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UK Unions Say English Language Requirement Discriminatory

Tens of thousands of immigrant workers will be forced to learn English before they are allowed into Britain under a plan presented Monday by Prime Minister Gordon Brown. But the workers unions say this requirement, if implemented, would be discriminatory. Tendai Maphosa has more on the unions' response in this report for VOA from London.

The rules, expected to reduce the number of people entering Britain by at least 35,000 a year, will affect those from countries outside the European Union who are seeking to work and settle permanently in Britain.

Prime Minister Gordon Brown announced the move at the annual conference of the Trades Union Congress, the umbrella group representing Britain's workers unions.

"Let me add for those who come to Britain to do skilled work we will first require you learn English, a requirement we are prepared to extend to lower skilled workers as well," he said.

The government says about a third of the 96,000 skilled migrants who entered Britain from outside the European Union last year would not have been able to show that they could speak English well enough to pass the equivalent of a high school exam.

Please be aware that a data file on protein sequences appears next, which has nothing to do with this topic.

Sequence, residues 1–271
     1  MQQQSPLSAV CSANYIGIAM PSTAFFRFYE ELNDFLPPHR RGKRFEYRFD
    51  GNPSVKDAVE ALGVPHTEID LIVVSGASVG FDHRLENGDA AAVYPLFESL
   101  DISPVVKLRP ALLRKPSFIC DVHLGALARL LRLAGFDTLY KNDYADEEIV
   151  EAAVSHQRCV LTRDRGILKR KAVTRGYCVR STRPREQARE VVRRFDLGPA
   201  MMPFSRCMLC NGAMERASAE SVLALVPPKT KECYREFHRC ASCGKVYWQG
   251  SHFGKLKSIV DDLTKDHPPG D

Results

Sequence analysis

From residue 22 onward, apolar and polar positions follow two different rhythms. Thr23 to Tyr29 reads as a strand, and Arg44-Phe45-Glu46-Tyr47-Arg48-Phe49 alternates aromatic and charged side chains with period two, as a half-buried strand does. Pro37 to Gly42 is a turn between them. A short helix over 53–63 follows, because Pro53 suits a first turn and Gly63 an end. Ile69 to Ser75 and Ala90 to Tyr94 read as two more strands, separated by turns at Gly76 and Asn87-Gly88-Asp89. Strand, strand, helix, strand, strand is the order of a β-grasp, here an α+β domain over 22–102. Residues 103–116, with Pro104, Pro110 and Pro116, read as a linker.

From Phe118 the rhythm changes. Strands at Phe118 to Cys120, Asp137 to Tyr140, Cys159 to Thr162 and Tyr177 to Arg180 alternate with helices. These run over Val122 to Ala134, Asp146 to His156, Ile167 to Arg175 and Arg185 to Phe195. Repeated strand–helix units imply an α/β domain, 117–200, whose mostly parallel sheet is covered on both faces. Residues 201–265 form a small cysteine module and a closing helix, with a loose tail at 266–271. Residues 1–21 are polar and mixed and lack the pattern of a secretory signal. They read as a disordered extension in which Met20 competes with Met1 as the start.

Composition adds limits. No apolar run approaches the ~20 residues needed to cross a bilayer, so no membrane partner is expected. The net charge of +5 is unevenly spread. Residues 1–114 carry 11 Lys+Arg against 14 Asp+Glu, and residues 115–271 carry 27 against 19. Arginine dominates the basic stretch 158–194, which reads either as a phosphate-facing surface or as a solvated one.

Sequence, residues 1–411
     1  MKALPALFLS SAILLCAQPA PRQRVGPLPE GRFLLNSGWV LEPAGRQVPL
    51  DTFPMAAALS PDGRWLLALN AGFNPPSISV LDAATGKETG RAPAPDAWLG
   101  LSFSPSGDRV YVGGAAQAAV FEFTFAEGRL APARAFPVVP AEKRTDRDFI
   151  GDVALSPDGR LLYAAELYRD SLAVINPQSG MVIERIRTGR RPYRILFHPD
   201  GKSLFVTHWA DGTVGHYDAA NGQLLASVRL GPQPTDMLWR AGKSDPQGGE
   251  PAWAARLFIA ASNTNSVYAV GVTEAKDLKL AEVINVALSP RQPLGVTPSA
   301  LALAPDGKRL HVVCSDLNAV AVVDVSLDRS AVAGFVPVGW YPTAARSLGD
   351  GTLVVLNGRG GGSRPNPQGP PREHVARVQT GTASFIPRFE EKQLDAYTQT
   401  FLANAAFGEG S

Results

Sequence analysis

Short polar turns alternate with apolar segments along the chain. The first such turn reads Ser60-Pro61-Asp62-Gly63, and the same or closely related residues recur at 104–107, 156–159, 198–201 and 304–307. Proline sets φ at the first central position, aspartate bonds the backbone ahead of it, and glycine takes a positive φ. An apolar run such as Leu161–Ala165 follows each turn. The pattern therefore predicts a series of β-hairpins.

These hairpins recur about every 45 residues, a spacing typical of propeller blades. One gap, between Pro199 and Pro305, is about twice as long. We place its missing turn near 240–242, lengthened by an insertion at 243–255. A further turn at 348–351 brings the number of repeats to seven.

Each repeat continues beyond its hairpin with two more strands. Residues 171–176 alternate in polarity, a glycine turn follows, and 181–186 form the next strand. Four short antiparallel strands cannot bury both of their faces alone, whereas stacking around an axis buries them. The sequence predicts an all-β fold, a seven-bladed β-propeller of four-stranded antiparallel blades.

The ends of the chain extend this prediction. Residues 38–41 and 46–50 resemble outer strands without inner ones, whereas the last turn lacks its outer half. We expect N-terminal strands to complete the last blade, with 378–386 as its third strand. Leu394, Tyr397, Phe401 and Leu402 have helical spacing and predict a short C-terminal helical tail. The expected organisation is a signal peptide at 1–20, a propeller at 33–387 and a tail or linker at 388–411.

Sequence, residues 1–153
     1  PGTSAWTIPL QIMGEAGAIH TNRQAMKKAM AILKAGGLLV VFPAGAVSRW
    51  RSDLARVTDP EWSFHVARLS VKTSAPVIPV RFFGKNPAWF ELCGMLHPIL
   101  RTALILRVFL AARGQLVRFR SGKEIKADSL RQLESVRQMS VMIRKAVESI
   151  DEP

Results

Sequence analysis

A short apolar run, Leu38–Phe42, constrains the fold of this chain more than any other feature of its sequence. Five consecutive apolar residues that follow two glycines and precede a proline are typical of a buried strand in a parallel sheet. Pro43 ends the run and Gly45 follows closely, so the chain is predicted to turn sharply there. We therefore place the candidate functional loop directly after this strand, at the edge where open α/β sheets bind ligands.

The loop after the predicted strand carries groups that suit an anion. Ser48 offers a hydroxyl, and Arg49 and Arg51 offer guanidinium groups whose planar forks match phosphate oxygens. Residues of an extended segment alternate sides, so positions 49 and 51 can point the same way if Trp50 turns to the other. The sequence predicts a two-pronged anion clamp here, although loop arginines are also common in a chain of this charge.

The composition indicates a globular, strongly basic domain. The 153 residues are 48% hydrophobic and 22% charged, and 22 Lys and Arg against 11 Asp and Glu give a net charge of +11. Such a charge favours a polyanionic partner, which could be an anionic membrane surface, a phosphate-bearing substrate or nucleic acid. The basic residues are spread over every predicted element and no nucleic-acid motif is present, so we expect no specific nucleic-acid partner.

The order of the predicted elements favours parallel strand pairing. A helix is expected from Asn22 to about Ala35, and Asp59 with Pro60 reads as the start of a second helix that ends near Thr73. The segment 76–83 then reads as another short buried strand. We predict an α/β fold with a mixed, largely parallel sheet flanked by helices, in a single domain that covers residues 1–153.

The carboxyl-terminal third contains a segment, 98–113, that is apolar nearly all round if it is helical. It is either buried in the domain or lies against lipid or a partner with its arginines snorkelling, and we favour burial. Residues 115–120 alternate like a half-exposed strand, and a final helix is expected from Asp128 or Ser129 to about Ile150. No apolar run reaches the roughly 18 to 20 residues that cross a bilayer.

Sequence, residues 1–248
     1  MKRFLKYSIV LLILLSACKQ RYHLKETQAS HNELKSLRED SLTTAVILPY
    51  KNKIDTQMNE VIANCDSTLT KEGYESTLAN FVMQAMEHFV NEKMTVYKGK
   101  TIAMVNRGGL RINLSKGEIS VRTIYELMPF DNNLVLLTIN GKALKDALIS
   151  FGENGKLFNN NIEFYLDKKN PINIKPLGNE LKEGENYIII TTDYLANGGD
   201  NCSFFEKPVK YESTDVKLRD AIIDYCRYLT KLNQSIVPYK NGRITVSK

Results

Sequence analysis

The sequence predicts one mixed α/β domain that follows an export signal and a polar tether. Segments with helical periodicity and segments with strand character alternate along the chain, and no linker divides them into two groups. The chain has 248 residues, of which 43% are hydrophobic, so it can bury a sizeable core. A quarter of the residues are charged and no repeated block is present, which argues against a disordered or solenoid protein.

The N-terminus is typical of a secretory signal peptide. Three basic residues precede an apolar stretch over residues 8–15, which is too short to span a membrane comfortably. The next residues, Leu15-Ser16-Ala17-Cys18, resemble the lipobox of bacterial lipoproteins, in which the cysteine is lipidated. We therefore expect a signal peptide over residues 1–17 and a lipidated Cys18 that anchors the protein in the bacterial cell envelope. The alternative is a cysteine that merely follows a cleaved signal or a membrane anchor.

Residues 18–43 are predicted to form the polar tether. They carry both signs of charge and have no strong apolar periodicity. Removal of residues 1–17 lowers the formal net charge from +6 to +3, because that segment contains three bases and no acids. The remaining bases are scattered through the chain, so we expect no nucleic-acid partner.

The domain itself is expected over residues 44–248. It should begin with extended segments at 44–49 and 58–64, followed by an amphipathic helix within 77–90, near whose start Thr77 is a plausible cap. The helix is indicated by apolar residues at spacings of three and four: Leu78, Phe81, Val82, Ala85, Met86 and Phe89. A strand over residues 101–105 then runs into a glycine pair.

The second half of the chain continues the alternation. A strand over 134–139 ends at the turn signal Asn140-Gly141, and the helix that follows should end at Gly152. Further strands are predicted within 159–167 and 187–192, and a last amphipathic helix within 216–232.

Under the government's new system, there are three work categories for immigrants coming to Britain from outside the European Union - highly skilled, skilled, and low-skilled workers. The first two groups eventually can settle permanently in Britain; the third group cannot.

Owen Tudor of the Trades Union Congress says this is discriminatory, because it only applies to workers from outside the European Union. He says it is also important for foreign workers to learn English so they can integrate into society and understand health and safety signs at work.

Tudor added it would also protect them against exploitation and enable them to join unions.

"I think it will not help to develop community cohesion by keeping some people out and letting some people in on the basis of their knowledge of English," he said.

Tudor said he would rather see the government restore funding for teaching English to foreigners, which he says the government has been cutting. He said employers also have a role to play to ensure that the staff they recruit has the opportunity to learn English so they can integrate into society.

The British government is also reviewing whether the new restrictions should be extended to low-skilled workers, such as fruit pickers, even though they are not allowed to settle permanently in Britain. The new rules have a handful of exemptions, including international soccer players signed by Premier League clubs who will be allowed in for "practical reasons."